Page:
The U.S. Department of Energy (DOE) and Canada’s Natural Resources Canada (NRCan) today announced the opening of a new 1 Megawatt Thermal (MWth) facility to test an advanced process to capture carbon dioxide (CO2) emissions from coal-fired power plants. The announcement was made during a ribbon-cutting ceremony at the facility in Ottawa.
The new 1 MWth facility will test oxy-fired pressurized fluidized bed combustion (oxy-PFBC) as a means to more efficiently and economically capture CO2 and help advance the commercialization of carbon capture, utilization and storage (CCUS) in the U.S. as well as Canada. CCUS is seen as a critical tool to reduce greenhouse gas emissions and address climate change. Successful results from this project will help scale up the oxy-PFBC process to commercial scale.
“This project is a major step forward for CCUS,” said Douglas Hollett, DOE’s Principal Deputy Assistant Secretary for Fossil Energy, who spoke during today’s ribbon cutting event. “It also highlights the importance of the long-standing U.S.-Canadian collaboration on clean energy technology development.”
Oxy-PFBC is based on the oxy-fuel combustion process, which uses pure oxygen instead of air to burn fuel and produces heat that generates electricity without the production of other pollutants. The oxy-PFCB process improves the efficiency of this process by concentrating the CO2 produced prior to combustion of fuel in the turbine, thereby greatly reducing the cost of capturing the CO2. The captured CO2 can then be stored or used beneficially to develop other products, including feedstock and chemicals.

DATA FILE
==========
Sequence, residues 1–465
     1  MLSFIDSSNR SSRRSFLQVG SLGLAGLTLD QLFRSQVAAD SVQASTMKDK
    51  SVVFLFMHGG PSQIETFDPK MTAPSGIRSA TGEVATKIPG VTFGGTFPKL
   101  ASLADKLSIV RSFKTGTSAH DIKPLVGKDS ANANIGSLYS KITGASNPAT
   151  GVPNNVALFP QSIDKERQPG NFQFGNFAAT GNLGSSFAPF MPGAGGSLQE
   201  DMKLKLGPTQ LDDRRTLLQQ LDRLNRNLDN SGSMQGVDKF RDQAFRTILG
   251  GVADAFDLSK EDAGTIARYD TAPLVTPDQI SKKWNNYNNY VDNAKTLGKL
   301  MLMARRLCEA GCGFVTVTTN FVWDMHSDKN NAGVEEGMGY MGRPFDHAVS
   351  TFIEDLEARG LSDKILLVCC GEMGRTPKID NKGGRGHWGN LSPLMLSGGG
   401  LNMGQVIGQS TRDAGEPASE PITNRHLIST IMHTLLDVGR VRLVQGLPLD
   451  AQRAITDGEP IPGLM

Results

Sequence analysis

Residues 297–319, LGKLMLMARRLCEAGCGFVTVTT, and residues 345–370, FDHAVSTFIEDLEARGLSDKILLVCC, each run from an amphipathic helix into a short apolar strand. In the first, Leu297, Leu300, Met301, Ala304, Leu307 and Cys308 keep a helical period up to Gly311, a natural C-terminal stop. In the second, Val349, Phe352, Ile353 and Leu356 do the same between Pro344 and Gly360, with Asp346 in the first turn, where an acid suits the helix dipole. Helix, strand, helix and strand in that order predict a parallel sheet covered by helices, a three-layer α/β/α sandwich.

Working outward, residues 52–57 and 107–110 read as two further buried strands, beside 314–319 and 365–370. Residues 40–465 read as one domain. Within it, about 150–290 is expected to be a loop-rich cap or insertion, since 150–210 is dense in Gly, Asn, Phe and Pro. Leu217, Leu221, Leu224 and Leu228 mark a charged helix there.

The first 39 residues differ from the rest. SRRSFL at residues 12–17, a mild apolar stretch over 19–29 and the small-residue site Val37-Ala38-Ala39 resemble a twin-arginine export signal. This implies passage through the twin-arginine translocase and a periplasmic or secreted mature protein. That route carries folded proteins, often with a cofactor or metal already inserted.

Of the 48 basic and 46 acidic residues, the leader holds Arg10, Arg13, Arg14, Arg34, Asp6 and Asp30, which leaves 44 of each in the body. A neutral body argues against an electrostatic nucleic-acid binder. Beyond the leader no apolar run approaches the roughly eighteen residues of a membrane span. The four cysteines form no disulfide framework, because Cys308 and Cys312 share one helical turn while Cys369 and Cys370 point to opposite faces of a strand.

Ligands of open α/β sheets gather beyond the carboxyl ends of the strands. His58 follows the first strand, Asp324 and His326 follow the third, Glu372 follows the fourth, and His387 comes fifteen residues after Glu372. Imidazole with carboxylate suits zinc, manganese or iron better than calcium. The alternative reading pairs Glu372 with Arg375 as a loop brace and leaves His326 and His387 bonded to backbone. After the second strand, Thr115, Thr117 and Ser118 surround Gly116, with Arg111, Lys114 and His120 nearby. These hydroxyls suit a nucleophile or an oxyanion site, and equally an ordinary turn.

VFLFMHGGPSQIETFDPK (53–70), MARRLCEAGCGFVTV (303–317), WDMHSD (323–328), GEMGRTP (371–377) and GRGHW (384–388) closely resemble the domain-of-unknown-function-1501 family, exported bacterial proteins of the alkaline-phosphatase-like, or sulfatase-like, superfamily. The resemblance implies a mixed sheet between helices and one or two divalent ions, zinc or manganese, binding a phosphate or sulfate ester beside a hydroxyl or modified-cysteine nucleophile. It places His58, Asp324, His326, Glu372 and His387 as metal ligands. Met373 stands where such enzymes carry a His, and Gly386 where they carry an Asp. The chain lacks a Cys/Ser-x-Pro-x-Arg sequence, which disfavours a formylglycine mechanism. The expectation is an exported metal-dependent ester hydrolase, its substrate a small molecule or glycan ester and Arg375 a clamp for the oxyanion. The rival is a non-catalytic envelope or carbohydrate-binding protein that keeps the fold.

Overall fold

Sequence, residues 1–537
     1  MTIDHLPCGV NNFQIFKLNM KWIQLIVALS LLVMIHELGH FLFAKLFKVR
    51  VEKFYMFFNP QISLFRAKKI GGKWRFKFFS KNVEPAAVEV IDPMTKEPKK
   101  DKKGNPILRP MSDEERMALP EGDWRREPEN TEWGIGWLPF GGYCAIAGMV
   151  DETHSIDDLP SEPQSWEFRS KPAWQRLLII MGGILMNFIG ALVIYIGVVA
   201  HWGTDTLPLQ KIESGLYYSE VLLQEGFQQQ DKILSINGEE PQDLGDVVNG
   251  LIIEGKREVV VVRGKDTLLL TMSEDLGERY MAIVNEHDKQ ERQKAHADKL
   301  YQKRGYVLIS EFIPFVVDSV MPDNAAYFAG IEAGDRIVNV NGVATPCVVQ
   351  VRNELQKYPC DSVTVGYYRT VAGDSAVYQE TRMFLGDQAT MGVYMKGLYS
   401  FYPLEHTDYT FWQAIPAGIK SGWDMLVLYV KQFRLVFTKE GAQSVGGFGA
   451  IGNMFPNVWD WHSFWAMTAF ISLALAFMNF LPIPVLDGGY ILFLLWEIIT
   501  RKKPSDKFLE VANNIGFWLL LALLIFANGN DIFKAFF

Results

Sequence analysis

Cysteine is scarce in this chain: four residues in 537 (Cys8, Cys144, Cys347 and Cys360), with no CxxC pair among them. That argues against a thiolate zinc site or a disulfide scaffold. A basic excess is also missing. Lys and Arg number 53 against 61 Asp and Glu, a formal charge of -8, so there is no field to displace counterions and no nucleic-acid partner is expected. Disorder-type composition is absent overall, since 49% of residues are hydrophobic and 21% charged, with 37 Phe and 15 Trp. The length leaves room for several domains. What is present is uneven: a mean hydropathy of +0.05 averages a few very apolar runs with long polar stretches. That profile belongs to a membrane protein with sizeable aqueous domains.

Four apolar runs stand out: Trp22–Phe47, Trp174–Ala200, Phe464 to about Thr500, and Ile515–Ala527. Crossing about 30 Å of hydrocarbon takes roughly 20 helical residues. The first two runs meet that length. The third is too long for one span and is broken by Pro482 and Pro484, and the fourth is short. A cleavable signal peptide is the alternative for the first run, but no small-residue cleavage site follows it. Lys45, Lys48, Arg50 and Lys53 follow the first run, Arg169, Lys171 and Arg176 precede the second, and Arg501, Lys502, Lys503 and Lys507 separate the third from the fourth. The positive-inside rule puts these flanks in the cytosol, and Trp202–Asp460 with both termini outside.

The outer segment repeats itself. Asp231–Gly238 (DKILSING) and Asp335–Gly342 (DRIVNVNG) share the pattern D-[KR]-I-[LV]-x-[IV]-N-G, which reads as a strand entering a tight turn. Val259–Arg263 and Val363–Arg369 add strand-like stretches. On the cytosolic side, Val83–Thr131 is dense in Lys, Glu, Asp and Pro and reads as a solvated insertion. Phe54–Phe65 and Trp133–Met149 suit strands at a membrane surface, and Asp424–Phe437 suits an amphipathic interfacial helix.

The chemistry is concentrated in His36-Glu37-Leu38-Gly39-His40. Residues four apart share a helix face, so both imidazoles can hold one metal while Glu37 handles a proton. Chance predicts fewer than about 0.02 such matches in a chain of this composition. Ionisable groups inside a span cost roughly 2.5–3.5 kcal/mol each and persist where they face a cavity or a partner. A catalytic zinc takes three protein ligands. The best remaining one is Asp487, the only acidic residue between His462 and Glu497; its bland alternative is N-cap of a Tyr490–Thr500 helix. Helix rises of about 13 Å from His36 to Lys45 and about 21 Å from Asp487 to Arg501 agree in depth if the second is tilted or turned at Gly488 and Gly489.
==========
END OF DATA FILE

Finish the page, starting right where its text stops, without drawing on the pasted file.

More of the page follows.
The test plant is an ongoing collaborative project between DOE and NRCan, and its research and development lab, CanmetEnergy. The project is being led by the Gas Technology Institute (GTI) in partnership with the Linde Group, the Electric Power Research Institute, Alstom Power and Alberta Innovates. The project received $13 million under DOE’s Office of Fossil Energy’s advanced combustion program, and is managed by the Department’s National Energy Technology Laboratory (NETL).
The oxy-PFBC project is part of the continuing collaboration between the U.S. and Canada on clean energy technologies, including CCUS. It also reflects the U.S. and Canada’s commitment to Mission Innovation, which was announced by President Obama and 19 other world leaders during the COP21 conference in Paris last December. Mission Innovation is a landmark commitment by participating countries to accelerate public and private global clean energy innovation by doubling their clean energy research and development funding over the next five years.
"This project demonstrates the important role clean energy technologies play in our transition to a lower-carbon economy, noted Kim Rudd, Parliamentary Secretary to the Canadian Minister of Natural Resources. “Canada and the United States share a bold vision for our continent: a vision based on collaboration, and one that secures North America's place as one of the world's most dynamic energy regions. We will continue to work together to meet our climate change objectives, increase competitiveness and support employment opportunities."